A British drug company is looking to medical marijuana- or at least a derivative of it-to help treat a variety of different diseases, including type 2 diabetes.
The company, GW Pharma, is in the process of creating a collection of cannabinoid-based drugs, including one that takes aim at diabetes. The first of this type of drug the company has produced is Sativex, a nasal spray used to treat spasms associated with multiple sclerosis. Sativex has been okayed in eight countries, and is currently awaiting FDA approval in the United States.
The diabetes drug, GWP4204, is currently in its second phase of testing after a small but successful double-blind study. That study featured 62 type 2 patients who received various levels of the oral-administered drug or a placebo.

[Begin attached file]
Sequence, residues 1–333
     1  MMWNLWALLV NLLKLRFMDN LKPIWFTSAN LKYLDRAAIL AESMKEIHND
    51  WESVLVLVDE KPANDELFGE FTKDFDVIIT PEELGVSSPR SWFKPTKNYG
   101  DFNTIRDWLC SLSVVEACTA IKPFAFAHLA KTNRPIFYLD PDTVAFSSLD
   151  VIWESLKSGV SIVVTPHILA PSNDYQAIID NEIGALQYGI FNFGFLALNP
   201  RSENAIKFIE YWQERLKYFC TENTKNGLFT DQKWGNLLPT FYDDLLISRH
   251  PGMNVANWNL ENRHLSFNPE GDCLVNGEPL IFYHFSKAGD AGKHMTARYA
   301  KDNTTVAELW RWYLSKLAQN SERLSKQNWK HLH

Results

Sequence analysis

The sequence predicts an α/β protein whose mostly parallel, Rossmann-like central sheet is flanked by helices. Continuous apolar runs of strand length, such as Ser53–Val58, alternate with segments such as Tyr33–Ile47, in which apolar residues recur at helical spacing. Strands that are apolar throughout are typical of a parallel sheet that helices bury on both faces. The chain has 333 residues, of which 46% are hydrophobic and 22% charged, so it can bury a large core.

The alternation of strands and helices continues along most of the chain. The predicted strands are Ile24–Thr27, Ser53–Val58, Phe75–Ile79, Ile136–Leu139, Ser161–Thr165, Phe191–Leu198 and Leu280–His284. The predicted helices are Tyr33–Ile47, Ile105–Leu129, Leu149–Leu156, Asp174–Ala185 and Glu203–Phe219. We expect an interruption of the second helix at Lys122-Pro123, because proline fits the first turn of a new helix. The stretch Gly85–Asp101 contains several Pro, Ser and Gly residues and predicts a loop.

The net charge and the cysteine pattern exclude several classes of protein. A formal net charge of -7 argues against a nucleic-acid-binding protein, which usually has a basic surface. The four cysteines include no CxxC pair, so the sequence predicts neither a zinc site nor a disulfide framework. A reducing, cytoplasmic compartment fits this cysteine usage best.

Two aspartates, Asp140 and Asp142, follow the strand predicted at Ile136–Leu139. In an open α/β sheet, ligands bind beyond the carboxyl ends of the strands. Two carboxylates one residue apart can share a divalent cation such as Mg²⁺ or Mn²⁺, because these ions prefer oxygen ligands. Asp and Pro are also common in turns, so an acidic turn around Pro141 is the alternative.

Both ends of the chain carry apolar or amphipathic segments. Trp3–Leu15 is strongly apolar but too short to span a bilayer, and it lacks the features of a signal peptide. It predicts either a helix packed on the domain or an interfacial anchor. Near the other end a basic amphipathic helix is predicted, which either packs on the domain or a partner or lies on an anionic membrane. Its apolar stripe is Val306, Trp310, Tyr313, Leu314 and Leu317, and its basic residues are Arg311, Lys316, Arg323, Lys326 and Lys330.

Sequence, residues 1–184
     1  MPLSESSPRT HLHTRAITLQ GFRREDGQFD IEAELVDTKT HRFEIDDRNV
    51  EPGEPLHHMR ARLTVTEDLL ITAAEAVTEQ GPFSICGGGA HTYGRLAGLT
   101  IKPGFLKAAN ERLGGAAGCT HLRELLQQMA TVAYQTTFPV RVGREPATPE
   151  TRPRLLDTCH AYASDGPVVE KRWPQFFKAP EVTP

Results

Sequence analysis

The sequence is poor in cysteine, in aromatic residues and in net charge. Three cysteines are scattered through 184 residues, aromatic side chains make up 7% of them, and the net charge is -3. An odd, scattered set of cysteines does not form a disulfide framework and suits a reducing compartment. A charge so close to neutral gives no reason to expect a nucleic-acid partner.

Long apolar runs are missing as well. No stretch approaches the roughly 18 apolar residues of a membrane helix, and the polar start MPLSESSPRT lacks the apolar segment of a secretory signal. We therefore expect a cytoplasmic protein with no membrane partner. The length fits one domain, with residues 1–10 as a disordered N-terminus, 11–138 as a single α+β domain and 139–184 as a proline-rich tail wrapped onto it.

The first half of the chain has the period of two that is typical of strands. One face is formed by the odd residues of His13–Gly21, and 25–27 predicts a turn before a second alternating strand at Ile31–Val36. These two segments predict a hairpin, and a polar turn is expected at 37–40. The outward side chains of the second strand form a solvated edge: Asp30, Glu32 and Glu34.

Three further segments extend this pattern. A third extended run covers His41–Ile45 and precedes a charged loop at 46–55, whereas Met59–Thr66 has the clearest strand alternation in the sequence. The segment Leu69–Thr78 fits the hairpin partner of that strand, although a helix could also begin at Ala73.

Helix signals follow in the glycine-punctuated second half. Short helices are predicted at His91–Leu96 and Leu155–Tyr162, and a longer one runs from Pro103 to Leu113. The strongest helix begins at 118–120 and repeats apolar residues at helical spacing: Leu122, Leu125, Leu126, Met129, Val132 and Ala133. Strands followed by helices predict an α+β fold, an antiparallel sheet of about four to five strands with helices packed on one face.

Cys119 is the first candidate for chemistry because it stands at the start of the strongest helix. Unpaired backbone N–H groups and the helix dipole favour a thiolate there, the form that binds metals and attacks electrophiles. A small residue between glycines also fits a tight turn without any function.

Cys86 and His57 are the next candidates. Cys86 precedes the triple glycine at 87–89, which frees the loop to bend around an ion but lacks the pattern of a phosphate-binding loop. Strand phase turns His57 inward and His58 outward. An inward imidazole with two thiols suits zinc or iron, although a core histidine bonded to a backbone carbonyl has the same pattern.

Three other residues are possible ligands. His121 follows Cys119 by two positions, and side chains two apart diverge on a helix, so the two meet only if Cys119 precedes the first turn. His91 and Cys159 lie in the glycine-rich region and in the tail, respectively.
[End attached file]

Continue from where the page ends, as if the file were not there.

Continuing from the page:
Those who took the drug experienced a variety of positive effects on diabetic-related symptoms, including:
• Reduced fasting glucose levels;
• Improved pancreatic beta cell function;
• Increased adiponectin, a protein that regulates glucose levels and the breakdown of fatty acids;
• Reduced systolic blood pressure;
• Reduced inflammation levels;
• Increased insulin sensitivity; and
• Increased levels of the hormone GLP-1, which plays a critical role in the secretion of insulin.
“We are very pleased that the promising results seen for GWP42004 in our pre-clinical research have been borne out in this first early proof of principle clinical trial,” said Dr. Stephen Writer, GW’s director of research and development.
“If larger studies confirm these findings, GWP42004 would have the potential to offer a novel orally-administered treatment option within one of the largest therapeutic areas where there still exist serious unmet medical needs,” added Dr. Garry Tan, a physician at the Oxford Centre for Diabetes, Endocrinology & Metabolism, and principal investigator of the study.